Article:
Lynyrd Skynyrd & Bad Company at Cynthia Woods Mitchell Pavilion, 7/11/2013
Photos by Jim Bricker
Lynyrd Skynyrd, Bad Company Cynthia Woods Mitchell Pavilion July 11, 2013
While there have been numerous personnel changes over the years for both Lynyrd Skynyrd and Bad Company, the songs were still there Thursday at the Woodlands Pavilion. That's all that mattered.
It was a night of drunken singalongs and fist-pumping, devil horns and American pride. It was the right level of cheesiness that could only be had right there.
The night started off with a co-headlining set by English rockers Bad Company. Three of the four original members of this rock "supergroup" are still alive and kicking, and had no trouble dropping hit after hit on the almost-full pavilion. Even if you don't regularly listen to Bad Company, you know the songs, and would have been singing along with everyone else who was with us last night.
Lead vocalist Paul Rodgers, who semi-successfully toured as the singer of Queen a couple years back, had no problem keeping the crowd entertained. While the entire band seemed a bit tired out of the gate, which is to be expected of any aging rockers, soon the crowd's energy brought Bad Company to life.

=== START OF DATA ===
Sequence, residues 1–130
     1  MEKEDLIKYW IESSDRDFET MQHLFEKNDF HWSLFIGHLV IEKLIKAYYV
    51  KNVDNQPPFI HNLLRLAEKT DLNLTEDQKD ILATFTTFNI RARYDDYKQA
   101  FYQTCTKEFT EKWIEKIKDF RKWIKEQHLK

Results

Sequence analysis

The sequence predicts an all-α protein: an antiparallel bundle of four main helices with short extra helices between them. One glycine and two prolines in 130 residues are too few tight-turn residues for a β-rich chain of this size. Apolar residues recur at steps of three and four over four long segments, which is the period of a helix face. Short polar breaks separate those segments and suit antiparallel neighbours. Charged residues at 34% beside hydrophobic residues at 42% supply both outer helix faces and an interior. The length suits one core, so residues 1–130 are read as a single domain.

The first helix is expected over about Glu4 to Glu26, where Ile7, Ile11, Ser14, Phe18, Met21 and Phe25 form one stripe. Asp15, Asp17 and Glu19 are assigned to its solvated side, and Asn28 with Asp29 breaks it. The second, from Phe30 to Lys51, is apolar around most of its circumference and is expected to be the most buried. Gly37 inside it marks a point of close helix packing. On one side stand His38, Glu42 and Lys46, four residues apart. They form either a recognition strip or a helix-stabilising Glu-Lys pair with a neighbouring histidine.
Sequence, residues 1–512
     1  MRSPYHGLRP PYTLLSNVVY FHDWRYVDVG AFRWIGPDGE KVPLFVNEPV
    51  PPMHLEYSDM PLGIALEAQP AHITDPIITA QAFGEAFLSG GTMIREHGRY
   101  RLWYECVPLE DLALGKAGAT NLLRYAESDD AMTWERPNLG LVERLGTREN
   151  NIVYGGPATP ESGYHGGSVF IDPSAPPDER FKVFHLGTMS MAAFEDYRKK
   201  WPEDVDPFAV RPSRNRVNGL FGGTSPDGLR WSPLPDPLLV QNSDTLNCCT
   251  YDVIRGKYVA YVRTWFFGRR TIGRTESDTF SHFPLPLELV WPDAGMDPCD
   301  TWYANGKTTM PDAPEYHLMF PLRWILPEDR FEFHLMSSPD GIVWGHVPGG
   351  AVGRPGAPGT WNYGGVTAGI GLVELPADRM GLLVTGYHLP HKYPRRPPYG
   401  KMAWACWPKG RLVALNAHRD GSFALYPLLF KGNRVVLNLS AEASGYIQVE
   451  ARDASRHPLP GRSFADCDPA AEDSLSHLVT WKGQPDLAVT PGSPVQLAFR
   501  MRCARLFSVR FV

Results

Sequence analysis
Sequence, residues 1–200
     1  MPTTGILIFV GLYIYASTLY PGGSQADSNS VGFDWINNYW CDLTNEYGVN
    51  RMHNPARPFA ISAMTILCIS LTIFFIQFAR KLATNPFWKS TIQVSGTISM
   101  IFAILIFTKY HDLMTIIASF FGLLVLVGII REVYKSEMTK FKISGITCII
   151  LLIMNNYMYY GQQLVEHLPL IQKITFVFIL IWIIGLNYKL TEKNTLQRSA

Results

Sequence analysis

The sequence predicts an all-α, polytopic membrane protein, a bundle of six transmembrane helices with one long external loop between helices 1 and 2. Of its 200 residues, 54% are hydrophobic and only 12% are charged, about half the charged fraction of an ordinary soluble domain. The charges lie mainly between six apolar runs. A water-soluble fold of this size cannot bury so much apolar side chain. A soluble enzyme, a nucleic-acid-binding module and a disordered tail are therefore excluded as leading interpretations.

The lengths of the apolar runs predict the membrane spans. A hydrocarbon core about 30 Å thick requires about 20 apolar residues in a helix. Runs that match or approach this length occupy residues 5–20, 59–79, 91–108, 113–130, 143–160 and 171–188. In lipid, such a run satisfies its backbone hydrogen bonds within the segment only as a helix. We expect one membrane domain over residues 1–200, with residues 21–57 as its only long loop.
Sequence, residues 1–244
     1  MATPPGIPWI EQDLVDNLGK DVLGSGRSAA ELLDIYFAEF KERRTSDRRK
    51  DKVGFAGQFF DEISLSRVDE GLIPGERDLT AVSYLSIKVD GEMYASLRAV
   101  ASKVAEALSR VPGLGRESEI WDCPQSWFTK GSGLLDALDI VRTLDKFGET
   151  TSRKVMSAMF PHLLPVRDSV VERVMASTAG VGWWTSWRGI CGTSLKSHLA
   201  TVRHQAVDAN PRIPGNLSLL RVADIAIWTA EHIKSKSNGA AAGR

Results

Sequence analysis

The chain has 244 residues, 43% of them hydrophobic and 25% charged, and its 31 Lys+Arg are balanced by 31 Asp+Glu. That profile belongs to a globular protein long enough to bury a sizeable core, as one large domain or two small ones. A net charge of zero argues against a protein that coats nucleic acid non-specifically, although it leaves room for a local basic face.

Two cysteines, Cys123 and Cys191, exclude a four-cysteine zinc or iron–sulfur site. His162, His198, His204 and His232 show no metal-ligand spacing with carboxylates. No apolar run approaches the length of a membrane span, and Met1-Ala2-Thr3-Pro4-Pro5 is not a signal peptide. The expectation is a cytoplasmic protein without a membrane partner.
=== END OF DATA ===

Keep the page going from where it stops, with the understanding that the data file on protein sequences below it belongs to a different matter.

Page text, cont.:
The set list read like an hour of classic-rock radio, with songs like "Rock and Roll Fantasy," "Feel Like Making Love," "Shooting Star" and "Ready For Love" peppered into the 13-song playlist. While the band is to the point where they're not changing anything up from night to night, certain parts of the set found the members improvising a bit.
Many of the songs were extended to allow every member of the five-piece band a chance to show off their chops, past just playing through the standard version. Rodgers bounced around stage twirling his mike stand like he was the drum major in a marching band, belting out each song like it was 40 years ago.
Dude looked good for his age, too. I would never guess that he's been on the road for four decades if you put me in a room with him not knowing who he was.